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What is the Difference Between Plasma and LCD?

Ken Black
Ken Black

One of the greatest confusions in the television market today comes from the two major types of newer television display technologies competing against each other, plasma and LCD. While, on the surface, it may not look like there is much of a difference between plasma and LCD, looks can be deceiving. Each has its own technology and its own pros and cons.

The main difference between plasma and LCD monitors and televisions is how the pixels are lighted up. In plasma screens, plasma gas is used to excite visible light photons, which produce color on the screen through the lighting of the pixels into different colors. Thus, it is actually a gas that is responsible for the images one sees on a plasma televisions.

LCD monitor.
LCD monitor.

The technology for LCD screens is somewhat different. Each pixel has three colors: red, green and blue. LCD televisions require a backlight. However, the liquid crystals, when energized, block certain colors in the pixels from showing, or at least showing as much. This produces the desired color. The main difference with LCD televisions is the backlight is always on.

A plasma monitor.
A plasma monitor.

The decision between plasma and LCD comes down to a matter of personal preference. LCD, which was never meant for video displays, has a slower refresh rate than plasma. Thus, the criticism is that fast-moving images can sometimes show what are referred to as ghosts, images that have not cleared themselves completely from vision. However, the technology has improved over the years to refresh rates that are very comparable to plasma.

Some prefer LCD televisions because they weigh less and use less energy than do plasma screens. However, both types of display technologies weigh less than conventional televisions, so there is always a net gain when going from traditional to the newer technology. However, for wall mounting, LCDs are usually much simpler.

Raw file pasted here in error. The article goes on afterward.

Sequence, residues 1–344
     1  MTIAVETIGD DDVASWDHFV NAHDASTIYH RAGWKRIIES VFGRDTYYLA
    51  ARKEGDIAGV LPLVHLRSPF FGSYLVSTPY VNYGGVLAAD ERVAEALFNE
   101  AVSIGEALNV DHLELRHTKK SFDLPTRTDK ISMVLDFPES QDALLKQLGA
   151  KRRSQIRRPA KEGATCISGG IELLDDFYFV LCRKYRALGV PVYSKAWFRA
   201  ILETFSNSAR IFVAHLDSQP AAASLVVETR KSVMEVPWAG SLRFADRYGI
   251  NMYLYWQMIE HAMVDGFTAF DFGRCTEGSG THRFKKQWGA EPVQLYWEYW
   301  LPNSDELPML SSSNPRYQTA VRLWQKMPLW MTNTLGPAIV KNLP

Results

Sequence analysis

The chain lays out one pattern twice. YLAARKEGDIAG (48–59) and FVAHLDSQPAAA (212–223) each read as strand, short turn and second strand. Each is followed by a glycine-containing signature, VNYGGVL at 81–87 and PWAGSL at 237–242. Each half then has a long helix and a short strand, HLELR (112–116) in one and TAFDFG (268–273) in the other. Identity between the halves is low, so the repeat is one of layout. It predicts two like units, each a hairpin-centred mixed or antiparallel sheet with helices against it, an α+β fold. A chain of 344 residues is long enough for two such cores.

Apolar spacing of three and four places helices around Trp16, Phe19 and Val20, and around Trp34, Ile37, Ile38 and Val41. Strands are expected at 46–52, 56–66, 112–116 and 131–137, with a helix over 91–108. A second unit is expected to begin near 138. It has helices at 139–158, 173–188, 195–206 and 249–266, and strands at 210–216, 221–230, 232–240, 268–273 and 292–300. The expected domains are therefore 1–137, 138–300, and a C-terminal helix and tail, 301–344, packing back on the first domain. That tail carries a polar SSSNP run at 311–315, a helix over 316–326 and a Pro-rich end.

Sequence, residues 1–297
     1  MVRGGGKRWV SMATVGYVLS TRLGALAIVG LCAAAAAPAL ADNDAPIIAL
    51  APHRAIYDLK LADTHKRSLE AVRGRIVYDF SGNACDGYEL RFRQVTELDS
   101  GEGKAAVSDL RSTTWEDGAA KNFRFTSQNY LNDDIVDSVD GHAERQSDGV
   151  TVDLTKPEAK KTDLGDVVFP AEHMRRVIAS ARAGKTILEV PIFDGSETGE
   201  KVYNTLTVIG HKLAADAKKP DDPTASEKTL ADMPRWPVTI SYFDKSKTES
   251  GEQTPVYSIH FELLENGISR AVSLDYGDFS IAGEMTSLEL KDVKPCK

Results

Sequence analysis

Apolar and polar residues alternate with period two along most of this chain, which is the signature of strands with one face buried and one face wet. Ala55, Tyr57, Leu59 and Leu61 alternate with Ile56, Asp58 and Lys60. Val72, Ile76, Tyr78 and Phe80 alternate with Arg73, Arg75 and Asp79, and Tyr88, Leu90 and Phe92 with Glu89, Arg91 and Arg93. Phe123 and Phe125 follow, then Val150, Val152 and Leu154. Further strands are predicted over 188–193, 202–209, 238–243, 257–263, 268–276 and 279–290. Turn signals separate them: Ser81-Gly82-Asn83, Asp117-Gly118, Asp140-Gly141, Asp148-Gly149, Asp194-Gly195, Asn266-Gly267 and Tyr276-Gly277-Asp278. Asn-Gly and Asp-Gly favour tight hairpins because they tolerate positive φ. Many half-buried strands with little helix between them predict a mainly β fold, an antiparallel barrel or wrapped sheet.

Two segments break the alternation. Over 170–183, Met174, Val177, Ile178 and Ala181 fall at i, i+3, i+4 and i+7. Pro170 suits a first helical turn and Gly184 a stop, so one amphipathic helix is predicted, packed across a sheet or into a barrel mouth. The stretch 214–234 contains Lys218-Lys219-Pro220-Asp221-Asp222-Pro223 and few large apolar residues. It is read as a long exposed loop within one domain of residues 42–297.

Plasma televisions, because there is no competing backlight for distorting any of the colors, produce much truer colors. For those who are truly interested in getting the most lifelike colors possible, the plasma technology is nearly comparable to the old CRT technology. Plus, there is an additional benefit of having a sharp, clean picture to view, much more so than a traditional television display can deliver.

For those living at higher altitudes, there are also considerations when considering plasma and LCD. The gas in a plasma set acts somewhat differently at higher altitudes and could produce a distorted view. The LCD television does not have this problem. Therefore, LCD sets may be preferred in mountainous areas.

In the end, for most viewers, the differences between plasma and LCD are a matter of academic debate. Most will find the difference between traditional displays and these newer displays to be so much greater that the differences between plasma and LCD pale in comparison. However, doing a little research before buying will help ensure the consumer gets the best product they can afford, and one especially suited to their purposes.

Discussion Comments


LCD televisions are very impressive, and look amazing.

I'm not sure about in the US, but in the UK, LCD televisions are a lot cheaper.


@cinder- i am not sure how correct your information is, I bought an LCD a few years ago because i was told the same things you mentioned above. Well less than four years after i bought it, it had the "turning off tv" words that come up when powering off burnt into the screen. So LEDs do very easily get images burnt in. And also from what I've seen LCDs are quite a bit more expensive than Plasmas are. Not the opposite.

I'm not sure if I'll buy another LCD. Also since you have a small child, I'm pretty sure plasmas have glass screens and LCD's don't and while this first appears to be a drawback, after my two year old son scratched our LCD with a pen, I'm starting to reconsider that assumption.


@ Cinder- When I upgraded my television I had to decide if I would buy a plasma or LCD TV. I weighed the pros and cons of energy consumption, picture quality, and maintenance expenses. In the end, I decided to buy an LED LCD TV.

LED LCD's use about a third less energy than an equivalent plasma. The screen door effect (pixilation at extreme angles) that is so common on LCDs is less prevalent on the LED LCD TVs. LCDs also do not suffer from the rainbowing effect that afflicts plasmas when viewing at an angle.

The fragile nature of plasma TVs, as you pointed out, were also a big turn off. I have a small child, and I could just picture her throwing something into the screen during a tantrum.


Another con for Plasma is that an image can get "burned in", whereas the LCD doesn't have that problem. And price! A plasma costs tons more than an LCD tv!

Also not mentioned is that the plasma screen is very fragile, a fair bump on the screen can damage hundreds of the tubes which usually requires the entire screen to be replaced.

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